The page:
When is Dumpster-diving not Dumpster-diving? When Greenwich Village bo-hos do it, and couch the practice in an anti-consumerist philosophy dubbed Freeganism.

This is all oddly reminiscent of George Costanza’s antics on a particular “Seinfeld” episode. Do freegans adhere to the “above the rim” rule?

I actually do have a thing about preparing an overabundance of food, during the holidays or any other time. Regardless of how cheap or obtainable food may be, tossing out perfectly edible food just strikes me as pointlessly wasteful. (Stashing said food in the refrigerator for weeks until it becomes inedible, which I’ve done too many times to count, yields the same results; but I digress.) It’s not that much of an effort to plan out a realistic amount of food, instead of going for overkill.

That said, once it’s trashed, it’s trashed. At that point, you’re in bum territory, elaborate justifications aside.


Getting ready to head off to the second day of SES 2006. As it’s the last day of the Expo, it’ll also be my last day there. I don’t anticipate spending too much time there today, as I doubt there’ll be an awful lot of new things to look at. I’ll probably be gone by lunchtime.

I’ll post more once I actually plant myself there, in a couple of hours. For now, a couple of quickie impressions from yesterday:

- I won’t say there were a lot of them, but there certainly were enough Hasidic and orthodox Jews walking around the Hall that they stood out. I had no idea there was a special interest in website optimization among this group!

- A familiar Florida company (sorta), MIVA, had a booth in a cherry spot, across the aisle from Google’s typically expansive plot. MIVA’s giveaway tchotchkes were strands of party beads, which probably hinted at most attendees at a New Orleans/Mardi Gras theme. Personally, given MIVA’s relative proximity to Tampa Bay, I’d assume it was more of a tip of the hat to Gasparilla. I’ll stop by the booth again today and ask (and, of course, try to snag some beads); I don’t think I’ll ask them about the rumors of their demise.

More soon…

UPDATE: Here we go. Planted in the wi-fi lounge and orienting myself a bit before doing a brief walkaround. More on yesterday’s impressions:

- I mentioned already that Google had a big honkin’ spot, in the middle of the main floor. Curiously, Google Analytics had a distinctly separate booth, close but not connected to the prime Google space. A close-up view told you why: Along with the customary Google logos, there were a bunch of leftover Urchin stickers and cards strewn around. Urchin must have reserved its space for this show prior to being acquired by Google last year and assimiliated into the new Analytics division.

- Despite the focus on SEO trickin’, there’s not an awful lot of content services being offered. Most of these outfits push their ability to game Google and Yahoo! with precise keyword placement and such. There are two exceptions that stand out:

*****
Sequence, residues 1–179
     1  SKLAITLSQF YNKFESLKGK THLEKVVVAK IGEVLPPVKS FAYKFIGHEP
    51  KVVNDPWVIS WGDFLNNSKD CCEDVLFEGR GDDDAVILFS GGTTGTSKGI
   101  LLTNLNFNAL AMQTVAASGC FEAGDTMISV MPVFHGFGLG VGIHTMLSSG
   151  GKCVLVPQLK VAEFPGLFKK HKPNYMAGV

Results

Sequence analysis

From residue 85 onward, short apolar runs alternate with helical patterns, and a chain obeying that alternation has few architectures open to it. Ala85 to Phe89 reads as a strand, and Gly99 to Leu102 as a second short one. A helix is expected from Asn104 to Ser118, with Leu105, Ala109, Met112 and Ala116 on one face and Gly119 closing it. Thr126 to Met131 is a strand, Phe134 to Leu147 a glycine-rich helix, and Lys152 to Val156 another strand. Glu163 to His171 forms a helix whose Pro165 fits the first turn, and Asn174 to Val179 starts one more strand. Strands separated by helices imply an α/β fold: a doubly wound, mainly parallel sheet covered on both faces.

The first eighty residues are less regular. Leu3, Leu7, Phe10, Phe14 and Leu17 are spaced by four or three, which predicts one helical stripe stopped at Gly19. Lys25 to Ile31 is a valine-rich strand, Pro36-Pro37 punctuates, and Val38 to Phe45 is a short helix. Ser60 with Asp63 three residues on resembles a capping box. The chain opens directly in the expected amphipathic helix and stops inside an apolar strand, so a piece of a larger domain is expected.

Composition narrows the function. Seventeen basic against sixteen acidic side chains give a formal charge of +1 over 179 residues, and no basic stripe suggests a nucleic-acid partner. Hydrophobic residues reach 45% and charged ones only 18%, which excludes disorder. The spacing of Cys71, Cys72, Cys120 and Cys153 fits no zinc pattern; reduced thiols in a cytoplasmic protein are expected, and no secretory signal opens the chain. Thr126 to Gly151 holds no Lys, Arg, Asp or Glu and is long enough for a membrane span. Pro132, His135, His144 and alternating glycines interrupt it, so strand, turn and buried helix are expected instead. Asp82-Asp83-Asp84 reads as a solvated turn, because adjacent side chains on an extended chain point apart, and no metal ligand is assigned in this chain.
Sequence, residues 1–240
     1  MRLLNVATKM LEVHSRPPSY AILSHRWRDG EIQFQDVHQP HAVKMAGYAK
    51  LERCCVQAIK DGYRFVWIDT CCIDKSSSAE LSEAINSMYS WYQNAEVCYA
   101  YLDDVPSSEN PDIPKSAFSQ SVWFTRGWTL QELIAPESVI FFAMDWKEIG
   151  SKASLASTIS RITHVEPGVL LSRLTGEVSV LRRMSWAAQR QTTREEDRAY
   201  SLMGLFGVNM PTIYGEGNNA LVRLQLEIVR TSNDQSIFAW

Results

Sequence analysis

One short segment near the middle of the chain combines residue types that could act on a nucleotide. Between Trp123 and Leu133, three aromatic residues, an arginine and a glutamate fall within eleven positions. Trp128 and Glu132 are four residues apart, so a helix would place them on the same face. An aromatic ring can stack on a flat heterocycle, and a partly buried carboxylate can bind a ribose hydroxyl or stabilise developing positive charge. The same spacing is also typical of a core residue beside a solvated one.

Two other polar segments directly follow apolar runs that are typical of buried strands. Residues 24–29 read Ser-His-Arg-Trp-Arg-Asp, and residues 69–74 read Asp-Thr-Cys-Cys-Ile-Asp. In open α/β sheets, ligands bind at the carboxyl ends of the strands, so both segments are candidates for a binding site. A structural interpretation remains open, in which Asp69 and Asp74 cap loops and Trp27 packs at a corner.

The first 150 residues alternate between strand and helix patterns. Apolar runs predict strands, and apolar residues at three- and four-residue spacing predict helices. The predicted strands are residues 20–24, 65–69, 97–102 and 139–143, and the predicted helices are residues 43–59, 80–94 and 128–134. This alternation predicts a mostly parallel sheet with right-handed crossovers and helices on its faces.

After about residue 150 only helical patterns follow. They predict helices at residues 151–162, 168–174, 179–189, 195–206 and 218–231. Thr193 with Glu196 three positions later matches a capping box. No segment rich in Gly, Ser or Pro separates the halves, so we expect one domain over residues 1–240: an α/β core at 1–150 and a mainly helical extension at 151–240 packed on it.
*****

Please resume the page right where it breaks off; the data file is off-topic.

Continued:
Backbone Media is the only exhibitor here showcasing a corporate blog implementation service, dubbed Scout. I chatted briefly with Olga Krivchenko, their Chief Strategic Data Analyst, about it. Basically positioning it as an image enhancer, citing how employee blogging has helped raise IBM and others out of their gray doldrums. But they’ve got a nice little white paper presentation mocked up as a typical MovableType post-page (complete with “Comments (5) - Trackbacks (3)”, a nice touch), and their booth shows off “BLOGGING” in big bright-blue colors. To me, it stands out bigtime among the rest of the clutter, especially since blogging is a major track issue in the conference portion.

InfoSearch Media has a fairly non-descript booth that stands out due to one thing: Bulletpoints that trumpet the use of copywriters and an editorial staff. Again, unique in that every other content-mill here doesn’t claim to do any real writing, but mere keyword seeding. Talking to one of the booth-handlers, I got the sense that their approach is a bit more substantive: They’ll clean up copy to actually make it compelling, while at the same time make sure it’s got the right sort of SEO-friendly terms to get picked up. It’s not a full-fledged publishing aide, and I question the business model of renting the produced pages per month, but it is unique in this context.

- Silly company names are out in force, as is de rigueur in the Web business (all the good URLs are long since cornered). Despite the clutter, it makes sense to accentuate that silliness, like Did-it Search Marketing does by adopting a frog as its mascot (”Did-it”, “Rib-bit!” — get it?). It doesn’t make much sense to play it straight and pretend your name’s not goofy. That’s the tack Hot Banana Software is taking, forgoing the predicted anthropomorphic banana mascot and using a tech-chic female model as its visual. Smacks of avoiding the obvious.

- As with any exhibit, image counts. It’s funny how many booths are using pretty women (and, to a far lesser extent, pretty men) to smile and hand out freebies. I’m wondering how many are really with the marketing department, and how many are babes-for-hire (I know they’re routine for consumer shows and such, not sure if they’ve been adopted for something like this).

- I’m picking up a small amount of tinkets. Nothing mind-blowing, but a couple of fun items. I’ll run all those down tonight.

- Finally, I did get those blasted business cards yesterday, a day late (all UPS‘ fault; not worth hassling with them at this point). They came out okay.

I think I’m going to work on a redesign for the next batch; the logo should be a lot bigger and positioned differently. But they’ll do. I’ll be spreading these around for the next couple of hours.